Connor: Yes.

Tim: Let’s give it a quick sale than throw it away, I’m sure the plus is that maybe they get out of it break even right.

Connor: Yes!

Tim: Okay! Because in today’s market and you’re asking people to basically an agent to say like the stock market.

Yes, they think the house is going to keep going up or down. I mean you’re really taking chance there.

Connor: Yes, that’s a trade line, right? So somebody called a real estate agent on the phone and says, ‘Is it a good time to buy?’

‘Yes! Buy right now!’ That’s the typical way it’s done.

Unfortunately, right now in Santa Clarita Valley, here’s some truth, we’ve seen prices being flat for the last couple of months.

And it doesn’t look like the prices are going to continue to go up.

Tim: Really?

Connor: It would give an appearance right now because now we’re getting more and more inventory. We’re seeing a lot of price changes.

So this is something to ask that agent, ‘Where are in the market?’

Tim: Right.

Connor: ‘Is there a buyers market?’ We’re still in the seller’s market. But that trend is now shifting because of the excess inventory we see more days on market timeframes.

We see a lot more properties having their prices changed. And those changes are positive or negative they’re actually reducing.

We don’t see the actual sales prices changing. But again that will eventually happen if we keep on the trend.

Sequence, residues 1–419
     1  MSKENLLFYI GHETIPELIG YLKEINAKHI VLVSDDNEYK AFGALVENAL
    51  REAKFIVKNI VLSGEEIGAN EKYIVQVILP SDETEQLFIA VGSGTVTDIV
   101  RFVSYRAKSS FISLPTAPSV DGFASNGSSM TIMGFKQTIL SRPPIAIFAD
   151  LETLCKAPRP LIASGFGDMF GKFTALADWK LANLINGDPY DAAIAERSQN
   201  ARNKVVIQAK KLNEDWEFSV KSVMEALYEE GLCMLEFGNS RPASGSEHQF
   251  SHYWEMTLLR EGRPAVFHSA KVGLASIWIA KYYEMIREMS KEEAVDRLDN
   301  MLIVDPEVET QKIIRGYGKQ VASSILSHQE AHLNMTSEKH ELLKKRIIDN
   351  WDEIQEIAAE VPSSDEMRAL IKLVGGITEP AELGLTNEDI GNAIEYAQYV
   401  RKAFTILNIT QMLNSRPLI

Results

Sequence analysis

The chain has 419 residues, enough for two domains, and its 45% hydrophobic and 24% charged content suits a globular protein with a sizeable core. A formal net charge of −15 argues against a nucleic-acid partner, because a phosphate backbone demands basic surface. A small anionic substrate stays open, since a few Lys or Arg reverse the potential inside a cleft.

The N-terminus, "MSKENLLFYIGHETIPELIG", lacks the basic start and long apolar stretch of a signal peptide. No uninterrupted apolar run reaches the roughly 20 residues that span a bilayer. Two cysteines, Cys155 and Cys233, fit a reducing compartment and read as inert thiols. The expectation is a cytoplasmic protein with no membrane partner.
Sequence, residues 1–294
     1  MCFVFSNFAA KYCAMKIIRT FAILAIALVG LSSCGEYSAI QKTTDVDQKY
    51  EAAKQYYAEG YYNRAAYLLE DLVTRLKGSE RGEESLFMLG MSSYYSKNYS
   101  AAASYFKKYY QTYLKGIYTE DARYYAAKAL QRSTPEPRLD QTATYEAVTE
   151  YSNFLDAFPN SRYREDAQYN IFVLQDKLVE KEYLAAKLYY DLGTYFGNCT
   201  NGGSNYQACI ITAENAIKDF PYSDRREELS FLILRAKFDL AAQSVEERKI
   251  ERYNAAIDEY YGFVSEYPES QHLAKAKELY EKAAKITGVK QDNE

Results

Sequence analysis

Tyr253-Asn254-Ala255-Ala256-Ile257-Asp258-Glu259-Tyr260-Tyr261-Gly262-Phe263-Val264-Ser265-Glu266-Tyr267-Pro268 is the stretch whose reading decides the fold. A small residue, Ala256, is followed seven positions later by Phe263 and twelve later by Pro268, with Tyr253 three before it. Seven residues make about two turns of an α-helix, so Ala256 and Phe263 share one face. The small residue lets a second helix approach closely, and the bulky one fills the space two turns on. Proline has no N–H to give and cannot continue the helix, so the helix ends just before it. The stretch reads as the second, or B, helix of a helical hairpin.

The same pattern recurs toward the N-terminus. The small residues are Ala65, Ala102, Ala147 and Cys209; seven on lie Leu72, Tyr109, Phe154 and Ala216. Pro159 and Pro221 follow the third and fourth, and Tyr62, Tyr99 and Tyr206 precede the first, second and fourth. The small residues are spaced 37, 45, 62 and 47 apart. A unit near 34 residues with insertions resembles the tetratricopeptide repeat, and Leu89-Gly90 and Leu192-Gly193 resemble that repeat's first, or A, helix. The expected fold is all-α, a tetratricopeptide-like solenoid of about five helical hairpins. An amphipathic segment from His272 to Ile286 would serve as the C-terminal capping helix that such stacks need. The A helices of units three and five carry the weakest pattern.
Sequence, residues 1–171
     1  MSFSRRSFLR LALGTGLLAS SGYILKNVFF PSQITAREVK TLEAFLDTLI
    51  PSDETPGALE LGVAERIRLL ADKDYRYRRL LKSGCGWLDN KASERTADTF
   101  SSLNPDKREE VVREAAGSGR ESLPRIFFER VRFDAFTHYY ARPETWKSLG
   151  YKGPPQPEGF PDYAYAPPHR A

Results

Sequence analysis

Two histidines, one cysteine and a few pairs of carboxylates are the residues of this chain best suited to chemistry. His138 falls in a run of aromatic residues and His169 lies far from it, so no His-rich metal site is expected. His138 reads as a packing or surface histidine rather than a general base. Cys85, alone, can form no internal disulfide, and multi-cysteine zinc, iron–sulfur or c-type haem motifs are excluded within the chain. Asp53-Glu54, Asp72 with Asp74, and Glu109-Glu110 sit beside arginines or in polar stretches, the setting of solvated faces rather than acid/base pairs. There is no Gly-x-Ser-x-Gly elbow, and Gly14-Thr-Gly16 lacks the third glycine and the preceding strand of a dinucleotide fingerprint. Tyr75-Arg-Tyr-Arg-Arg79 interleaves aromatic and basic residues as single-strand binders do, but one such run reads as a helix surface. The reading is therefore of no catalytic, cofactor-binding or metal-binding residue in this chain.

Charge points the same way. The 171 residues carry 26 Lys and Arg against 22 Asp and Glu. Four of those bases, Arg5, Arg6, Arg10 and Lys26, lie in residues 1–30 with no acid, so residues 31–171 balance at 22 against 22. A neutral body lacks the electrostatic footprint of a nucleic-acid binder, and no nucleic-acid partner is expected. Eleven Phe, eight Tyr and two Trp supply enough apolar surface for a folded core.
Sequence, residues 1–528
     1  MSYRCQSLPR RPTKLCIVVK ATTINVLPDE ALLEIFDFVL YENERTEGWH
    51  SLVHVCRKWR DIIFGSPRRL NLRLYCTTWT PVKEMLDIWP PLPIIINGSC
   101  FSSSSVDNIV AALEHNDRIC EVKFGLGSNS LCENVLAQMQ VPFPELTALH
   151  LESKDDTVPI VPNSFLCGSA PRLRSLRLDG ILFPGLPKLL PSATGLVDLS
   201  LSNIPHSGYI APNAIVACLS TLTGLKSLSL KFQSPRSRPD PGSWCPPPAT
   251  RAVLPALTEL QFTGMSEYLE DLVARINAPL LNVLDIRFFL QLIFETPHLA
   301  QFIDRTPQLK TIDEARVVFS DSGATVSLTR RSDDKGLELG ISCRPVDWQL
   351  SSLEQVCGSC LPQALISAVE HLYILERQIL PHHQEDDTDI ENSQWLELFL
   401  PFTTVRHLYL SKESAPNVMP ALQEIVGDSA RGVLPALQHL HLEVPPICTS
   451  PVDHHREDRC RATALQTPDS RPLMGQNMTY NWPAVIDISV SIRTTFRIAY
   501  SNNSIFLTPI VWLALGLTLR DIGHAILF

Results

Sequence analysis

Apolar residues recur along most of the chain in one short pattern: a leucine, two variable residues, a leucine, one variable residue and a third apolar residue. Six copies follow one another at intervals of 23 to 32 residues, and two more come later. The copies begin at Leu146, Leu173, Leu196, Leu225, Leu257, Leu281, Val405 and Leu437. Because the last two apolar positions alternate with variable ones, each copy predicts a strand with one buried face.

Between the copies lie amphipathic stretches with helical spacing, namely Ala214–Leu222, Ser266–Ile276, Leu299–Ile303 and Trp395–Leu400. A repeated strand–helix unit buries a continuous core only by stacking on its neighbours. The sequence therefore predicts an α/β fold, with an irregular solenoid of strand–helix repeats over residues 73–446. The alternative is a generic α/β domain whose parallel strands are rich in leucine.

There’s no new buyers that come out in to the market wanting to purchase at the current levels. There’s no other place where to go.

Tim: The whole evolution is so interesting in the transition from equity growing and home prices going up to how buyers and sellers realizing, ‘Why is my house is on the market too long?’

And then buyers saying, ‘Well, I noticed that there’s price reduction.’ so everyone just kind of sits on the fence.

Connor: Absolutely!

Tim: There’s like this delay.

Connor: Correct. And so that’s where we’re saying right now. A lot of buyers they’re waiting. And we have a plethorawe’re working with.

They’re just waiting. And I get that. And we have sellers. The biggest question today from a seller is ‘When am I going to move?’

‘Okay, so I want to upgrade from this house. Is there going to be a house for me?’

It’s not to that point where I could say, ‘100%, yes!’

Tim: Right

Connor: And then the other question ‘What do I do if I sell this?’ We should make this sale contingent on me finding the home of choice.

And so then that becomes a tough scenario for a buyer when there are 50 other houses.

Tim: And you kind of tie up three different people, right?

Connor: Yes, so then the other buyers so ‘I don’t want to ride this far. This house is contingent. I’m finding another house.’

Tim: And now will I be contingent on them buying one.

Connor: Oh, real deep! And then it’s like a house of cars.

Tim: Yes.

Connor: You go through the whole thing. And it could be 10-20. I mean infinite numbers deep one person in there that’s contingent, they give the whole thing done.

Tim: Collapsed.

Connor: Yes, It’s very interesting.